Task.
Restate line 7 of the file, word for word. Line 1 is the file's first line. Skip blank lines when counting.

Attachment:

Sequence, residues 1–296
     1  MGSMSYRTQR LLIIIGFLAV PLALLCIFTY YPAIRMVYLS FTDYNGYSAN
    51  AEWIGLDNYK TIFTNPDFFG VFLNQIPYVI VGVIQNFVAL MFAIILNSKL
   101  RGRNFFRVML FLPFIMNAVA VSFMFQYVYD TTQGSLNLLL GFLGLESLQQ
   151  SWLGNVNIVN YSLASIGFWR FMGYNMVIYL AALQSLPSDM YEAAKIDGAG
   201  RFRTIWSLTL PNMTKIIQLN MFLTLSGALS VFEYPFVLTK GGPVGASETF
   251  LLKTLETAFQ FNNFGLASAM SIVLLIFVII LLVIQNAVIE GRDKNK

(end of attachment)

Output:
   251  LLKTLETAFQ FNNFGLASAM SIVLLIFVII LLVIQNAVIE GRDKNK